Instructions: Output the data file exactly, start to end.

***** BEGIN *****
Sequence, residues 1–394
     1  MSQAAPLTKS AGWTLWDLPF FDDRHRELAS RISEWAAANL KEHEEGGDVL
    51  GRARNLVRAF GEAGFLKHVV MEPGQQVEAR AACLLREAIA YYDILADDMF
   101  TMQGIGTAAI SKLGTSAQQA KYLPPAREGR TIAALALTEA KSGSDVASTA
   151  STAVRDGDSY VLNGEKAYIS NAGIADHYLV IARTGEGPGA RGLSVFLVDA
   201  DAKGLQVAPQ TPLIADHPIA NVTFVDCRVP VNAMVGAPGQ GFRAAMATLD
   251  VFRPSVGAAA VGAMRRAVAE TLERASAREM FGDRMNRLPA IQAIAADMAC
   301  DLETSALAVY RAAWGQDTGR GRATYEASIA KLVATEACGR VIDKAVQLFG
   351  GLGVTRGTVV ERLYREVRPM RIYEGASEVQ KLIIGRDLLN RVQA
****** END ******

Sequence, residues 1–394
     1  MSQAAPLTKS AGWTLWDLPF FDDRHRELAS RISEWAAANL KEHEEGGDVL
    51  GRARNLVRAF GEAGFLKHVV MEPGQQVEAR AACLLREAIA YYDILADDMF
   101  TMQGIGTAAI SKLGTSAQQA KYLPPAREGR TIAALALTEA KSGSDVASTA
   151  STAVRDGDSY VLNGEKAYIS NAGIADHYLV IARTGEGPGA RGLSVFLVDA
   201  DAKGLQVAPQ TPLIADHPIA NVTFVDCRVP VNAMVGAPGQ GFRAAMATLD
   251  VFRPSVGAAA VGAMRRAVAE TLERASAREM FGDRMNRLPA IQAIAADMAC
   301  DLETSALAVY RAAWGQDTGR GRATYEASIA KLVATEACGR VIDKAVQLFG
   351  GLGVTRGTVV ERLYREVRPM RIYEGASEVQ KLIIGRDLLN RVQA